Laundry Laundering

Marketing materials for Case Against Brooklyn demean cops. It’s rare for the time. Bold proclamations like “Is this cop for sale?” and semi-protective “This film isn’t anti-cop, it’s anti-crooked cop!” build intrigue. Case Against Brooklyn came from headlines, based in truth of a horse racing bookie scheme that wound through the Brooklyn police. Still, it’s bold considering 1958 and post-war idealism.

Pete Harris (Darren McGavin) at one point pulls out his military uniform, somewhat dejected that he’s only a cop now. Soon, he’s undercover, fighting a different war and seemingly hooked on the thrills. Harris goes as far to ignore his wife’s worries – women just get in the way of tough guy stories like Case Against Brooklyn. In the end, female characters reduce to the level of overly emotional story catalysts and props. It’s man stuff that matters.

In a rather small scale thriller, Case Against Brooklyn finds the means to expand its narrative scope

Case Against Brooklyn makes that case, staging a number of back alley beatings, apartment rumbles, and seedy shots on nighttime streets during stakeouts. Cigarette smoke passes lights, that immediately notable noir aesthetic. There’s plenty to track as police swarm the area, taking jobs as teachers, waiters, linemen, and truck drivers, trying to out the corrupt source. In a rather small scale thriller, Case Against Brooklyn finds the means to expand its narrative scope even if only Harris matters to this investigation.

Everything falls back on a laundry truck business front, shuffling money around, paying off precinct higher ups to ignore millions in gambling cash. The inevitable follows – lots of death threats, panicked crooks, murders, and shoot-outs. Director Paul Wendkos (his second of 100+ credits) provides enough thrills and action, paired with occasionally fetching cinematography. Case of Brooklyn makes use of close-ups with frequency, and catches shadows to add an unseemly edge to New York streets. There’s always an uneasy sense as Harris pokes around the neighborhood. Kids play, men read newspapers on the steps, but knowing what’s happening in the background breaks that Leave it to Beaver comfort zone.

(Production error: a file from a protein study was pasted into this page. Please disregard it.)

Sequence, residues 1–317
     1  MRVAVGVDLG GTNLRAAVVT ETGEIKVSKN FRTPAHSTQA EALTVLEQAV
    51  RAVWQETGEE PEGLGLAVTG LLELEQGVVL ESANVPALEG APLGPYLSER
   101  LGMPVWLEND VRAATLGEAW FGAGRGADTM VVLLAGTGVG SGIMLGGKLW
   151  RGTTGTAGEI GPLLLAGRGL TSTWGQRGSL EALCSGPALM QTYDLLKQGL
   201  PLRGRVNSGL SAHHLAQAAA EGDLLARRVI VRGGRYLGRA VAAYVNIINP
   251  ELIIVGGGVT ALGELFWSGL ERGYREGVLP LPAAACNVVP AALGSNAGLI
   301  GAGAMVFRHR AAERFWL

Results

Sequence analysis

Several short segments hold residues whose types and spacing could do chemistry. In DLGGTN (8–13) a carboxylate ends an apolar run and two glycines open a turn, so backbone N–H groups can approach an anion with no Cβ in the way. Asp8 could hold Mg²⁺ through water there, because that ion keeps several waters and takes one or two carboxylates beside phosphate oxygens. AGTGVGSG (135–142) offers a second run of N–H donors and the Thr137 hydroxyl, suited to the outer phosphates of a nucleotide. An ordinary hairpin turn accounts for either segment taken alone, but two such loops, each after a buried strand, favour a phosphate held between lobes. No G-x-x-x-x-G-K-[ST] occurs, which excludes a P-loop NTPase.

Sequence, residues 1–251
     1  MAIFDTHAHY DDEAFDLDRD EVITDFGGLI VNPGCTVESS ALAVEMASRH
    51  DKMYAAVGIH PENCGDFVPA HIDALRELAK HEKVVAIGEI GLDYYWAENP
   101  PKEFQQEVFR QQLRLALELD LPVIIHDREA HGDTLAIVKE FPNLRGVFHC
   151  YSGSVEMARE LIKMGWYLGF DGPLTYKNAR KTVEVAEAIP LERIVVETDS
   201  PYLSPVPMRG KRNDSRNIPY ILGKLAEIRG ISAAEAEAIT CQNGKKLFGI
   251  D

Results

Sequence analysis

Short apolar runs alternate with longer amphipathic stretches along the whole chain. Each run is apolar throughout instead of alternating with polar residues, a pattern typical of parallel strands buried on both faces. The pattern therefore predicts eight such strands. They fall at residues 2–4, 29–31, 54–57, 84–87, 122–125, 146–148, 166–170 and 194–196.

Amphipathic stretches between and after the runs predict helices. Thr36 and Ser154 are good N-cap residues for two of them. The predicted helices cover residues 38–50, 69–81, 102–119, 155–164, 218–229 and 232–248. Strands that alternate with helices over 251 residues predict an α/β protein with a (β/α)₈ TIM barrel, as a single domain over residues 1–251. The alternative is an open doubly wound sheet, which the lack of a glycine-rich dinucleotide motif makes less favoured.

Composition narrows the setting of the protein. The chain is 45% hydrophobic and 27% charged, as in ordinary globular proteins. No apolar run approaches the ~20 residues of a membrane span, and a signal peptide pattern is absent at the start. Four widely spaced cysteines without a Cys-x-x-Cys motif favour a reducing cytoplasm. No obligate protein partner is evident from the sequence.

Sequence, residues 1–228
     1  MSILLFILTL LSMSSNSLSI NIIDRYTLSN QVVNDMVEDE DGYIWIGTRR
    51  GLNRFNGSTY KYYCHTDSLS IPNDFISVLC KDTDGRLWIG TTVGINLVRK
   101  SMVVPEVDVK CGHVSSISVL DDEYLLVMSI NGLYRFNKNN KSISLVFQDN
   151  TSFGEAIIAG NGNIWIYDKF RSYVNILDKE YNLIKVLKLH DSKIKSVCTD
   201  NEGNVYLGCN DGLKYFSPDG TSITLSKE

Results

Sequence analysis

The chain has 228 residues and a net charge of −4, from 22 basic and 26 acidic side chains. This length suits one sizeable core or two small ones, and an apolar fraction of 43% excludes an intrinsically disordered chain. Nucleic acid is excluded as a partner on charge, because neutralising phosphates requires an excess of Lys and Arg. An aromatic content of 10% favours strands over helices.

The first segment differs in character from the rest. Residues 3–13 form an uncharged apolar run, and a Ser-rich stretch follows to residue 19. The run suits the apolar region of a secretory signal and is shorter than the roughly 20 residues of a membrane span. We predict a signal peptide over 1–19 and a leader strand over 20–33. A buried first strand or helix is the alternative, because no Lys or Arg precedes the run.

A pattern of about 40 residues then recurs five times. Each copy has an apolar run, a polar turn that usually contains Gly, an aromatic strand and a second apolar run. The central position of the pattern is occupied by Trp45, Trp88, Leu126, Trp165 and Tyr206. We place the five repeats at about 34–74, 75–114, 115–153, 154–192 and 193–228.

A definite winner in the Noir Archive 3, Case Against Brooklyn resolves a sharp, natural, and clean grain. There’s richness to the film stock. Mill Creek’s encode here is better than almost any other film in their Archive series so far. Given problems with the others, this is an anomaly. Even the print looks in fantastic condition, natural softness to the dissolves aside.

Exquisite shadows capture vivid image density. Age doesn’t cost Case Against Brooklyn any depth. Dimension leaps from nighttime alleyways. Carefully composed highlights survive through the decades.

Strong resolution props up facial definition, an oddity at the time. Even the female cast is given sharp, resolved close-ups. Sets bring out concrete detail in bricks, making it easy to be drawn into this time period.


Dialog is the primary driving force behind this DTS-HD track. Luckily, it’s clean, limited in range of course if still lively. Fidelity matches expectations, with a fairly mundane score challenging treble with heavy brass sections. Those hold up. Instances of popping or cracking disappear, assuming they were there due to age.



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Case Against Brooklyn
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Corrupt cops and illicit gambling lead to undercover police work in The Case Against Brooklyn, a true story with tough guy posturing.

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